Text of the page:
Well, it’s been one heck of a wild, emotional, sometimes frustrating ride, but we’ve come to the end of Your Lie in April. Somethings have ended, but others stretch out for as long as we remember them. It took this episode a few minutes to get going, but when it kicked into high gear, it really kicked into high gear. As expected, the aesthetics truly took charge in this episode and, even if there was a little more digital work than I would’ve liked, the end results was something pretty special. So, now it’s time for one last look at Your Lie in April.
Okay, I’ll say it. I was worried at the start of this episode, worried we were going to get another performance of unimaginative camera angels attempting to drag an emotional reaction out of me with heavy-handed check-ins with everyone else as Kousei continued his performance, even if we were getting clever shots of the audience shading the frame with a mournful, subdued red. Despite all Kousei’s revelations about the importance of the other people in his life (the shoutout to Tsubaki, I thought, was especially precious), this is ultimately a show about Kousei and Kaori and the way they impacted each other’s lives and I think you can tell that the creators of the anime are drawn to that dynamic and that story.
You can see it in the startling shot of Kaori cradling child Kousei’s head. You can see it in the way the pastels start to take over the screen and in the way the pace of the editing accelerates along with the tempo of the song. You can see it in the shots that draw lines between Kousei and the light as he starts to think about Kaori. You can see it in the way the camera pans upwards along with Kousei’s refrain of “reach her.” But it’s really not until KimiUso liberates itself from the physical confines of the concert hall into the abstracted beauty of the lake foreshadowed in the OP that the episode truly began to resonate with the meaning.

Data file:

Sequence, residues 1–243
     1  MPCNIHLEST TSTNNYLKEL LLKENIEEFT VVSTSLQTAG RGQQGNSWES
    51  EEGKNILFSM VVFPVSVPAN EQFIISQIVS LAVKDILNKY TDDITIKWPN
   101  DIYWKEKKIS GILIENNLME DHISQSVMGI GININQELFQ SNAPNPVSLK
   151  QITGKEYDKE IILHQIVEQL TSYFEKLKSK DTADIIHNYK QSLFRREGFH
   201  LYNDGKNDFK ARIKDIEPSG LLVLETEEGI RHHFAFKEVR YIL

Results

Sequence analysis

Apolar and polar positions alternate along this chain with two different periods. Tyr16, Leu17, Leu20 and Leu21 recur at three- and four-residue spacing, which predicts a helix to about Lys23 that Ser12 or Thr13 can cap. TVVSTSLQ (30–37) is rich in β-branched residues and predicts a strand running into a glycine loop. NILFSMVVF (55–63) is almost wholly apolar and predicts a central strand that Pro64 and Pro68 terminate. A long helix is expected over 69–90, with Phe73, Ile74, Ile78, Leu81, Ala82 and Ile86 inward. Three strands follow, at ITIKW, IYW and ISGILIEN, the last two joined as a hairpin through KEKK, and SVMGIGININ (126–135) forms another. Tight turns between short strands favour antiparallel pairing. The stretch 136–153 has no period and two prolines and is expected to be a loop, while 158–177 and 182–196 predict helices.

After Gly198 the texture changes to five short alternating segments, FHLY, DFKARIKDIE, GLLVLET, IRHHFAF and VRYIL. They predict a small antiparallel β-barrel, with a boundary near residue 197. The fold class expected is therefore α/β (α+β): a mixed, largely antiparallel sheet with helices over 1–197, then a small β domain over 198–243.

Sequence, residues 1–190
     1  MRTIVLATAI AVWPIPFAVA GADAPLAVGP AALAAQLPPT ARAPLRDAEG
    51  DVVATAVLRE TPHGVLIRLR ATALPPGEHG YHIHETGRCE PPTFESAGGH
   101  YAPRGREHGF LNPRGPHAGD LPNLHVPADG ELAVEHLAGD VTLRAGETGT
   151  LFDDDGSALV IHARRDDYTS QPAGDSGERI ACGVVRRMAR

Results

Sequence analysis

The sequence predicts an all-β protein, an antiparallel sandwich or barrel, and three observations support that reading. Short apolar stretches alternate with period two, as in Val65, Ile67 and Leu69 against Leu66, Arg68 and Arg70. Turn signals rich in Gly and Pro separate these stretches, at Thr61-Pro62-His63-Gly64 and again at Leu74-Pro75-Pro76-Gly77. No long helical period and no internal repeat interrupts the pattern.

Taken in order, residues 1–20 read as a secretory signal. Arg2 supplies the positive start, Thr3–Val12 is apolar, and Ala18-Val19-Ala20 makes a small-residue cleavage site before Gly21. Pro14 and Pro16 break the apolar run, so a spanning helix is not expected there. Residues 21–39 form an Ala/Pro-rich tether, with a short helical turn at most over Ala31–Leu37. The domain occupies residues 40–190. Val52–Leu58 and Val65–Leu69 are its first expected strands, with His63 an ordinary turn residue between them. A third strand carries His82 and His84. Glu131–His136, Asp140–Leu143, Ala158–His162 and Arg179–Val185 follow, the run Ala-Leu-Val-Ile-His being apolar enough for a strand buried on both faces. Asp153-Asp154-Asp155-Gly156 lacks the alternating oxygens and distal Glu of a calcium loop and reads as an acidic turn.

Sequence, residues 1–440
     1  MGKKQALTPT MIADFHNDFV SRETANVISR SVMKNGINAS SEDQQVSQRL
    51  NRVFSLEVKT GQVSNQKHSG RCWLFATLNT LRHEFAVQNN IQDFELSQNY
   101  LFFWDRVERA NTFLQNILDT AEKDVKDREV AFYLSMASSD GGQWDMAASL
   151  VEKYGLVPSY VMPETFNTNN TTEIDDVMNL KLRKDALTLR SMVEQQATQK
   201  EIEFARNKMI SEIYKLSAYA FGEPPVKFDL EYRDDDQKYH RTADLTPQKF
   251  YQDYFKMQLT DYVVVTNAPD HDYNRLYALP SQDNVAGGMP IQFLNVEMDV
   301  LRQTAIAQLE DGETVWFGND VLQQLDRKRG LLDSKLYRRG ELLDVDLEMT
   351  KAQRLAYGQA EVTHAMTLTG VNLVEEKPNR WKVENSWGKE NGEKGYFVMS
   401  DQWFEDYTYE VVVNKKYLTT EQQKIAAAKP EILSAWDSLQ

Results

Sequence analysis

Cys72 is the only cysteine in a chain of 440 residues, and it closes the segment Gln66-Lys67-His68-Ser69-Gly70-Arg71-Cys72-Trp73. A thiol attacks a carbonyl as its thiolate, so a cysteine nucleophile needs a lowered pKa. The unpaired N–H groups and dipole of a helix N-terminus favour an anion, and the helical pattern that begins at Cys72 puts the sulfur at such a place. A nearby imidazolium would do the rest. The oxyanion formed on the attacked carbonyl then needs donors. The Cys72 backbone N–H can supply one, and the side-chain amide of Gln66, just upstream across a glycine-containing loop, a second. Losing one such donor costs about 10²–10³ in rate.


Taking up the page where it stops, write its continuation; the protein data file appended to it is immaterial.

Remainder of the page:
And why? Because this is the sensual execution of everything KimiUso has been preaching to this point. “We’re musicians, so we communicate through music.” “Let your feelings, not your words reach other people.” The extraction of the scene from physical constraints, from the necessarily limited realm of location, into a vast, unlimited plane mirrors the way Kousei lapses into silence and the sound of the piano takes over, accompanied by the effervescent visuals. Yes, in this scene KimiUso truly embodies emotion communicated without words, breathes rather than speaks, exists rather than proclaiming its presence. In a sense, it’s a paradox. How can such an ostentatious display of pure sensory decadence be so understated?
It is, because KimiUso lapses solely into the realm of feelings, having exhausted the possibilities of words for a little while and leaning into the power of its aesthetics. The scene becomes precisely one with the thing it is attempting to communicate. The experience of watching draws you into the experience of feeling. A-1 Pictures took a page out of their Saekano playbook for this scene, using deep magenta color instead of black in many of the shots. It was a brilliant decision, as the additional colors add depth to the images while resisting the feeling of darkness. And, finally, we tumble into the gorgeous illustrations from the first OP—still shots, but incredibly beautiful, crystallized moments of music turned into image—and languish into the nighttime.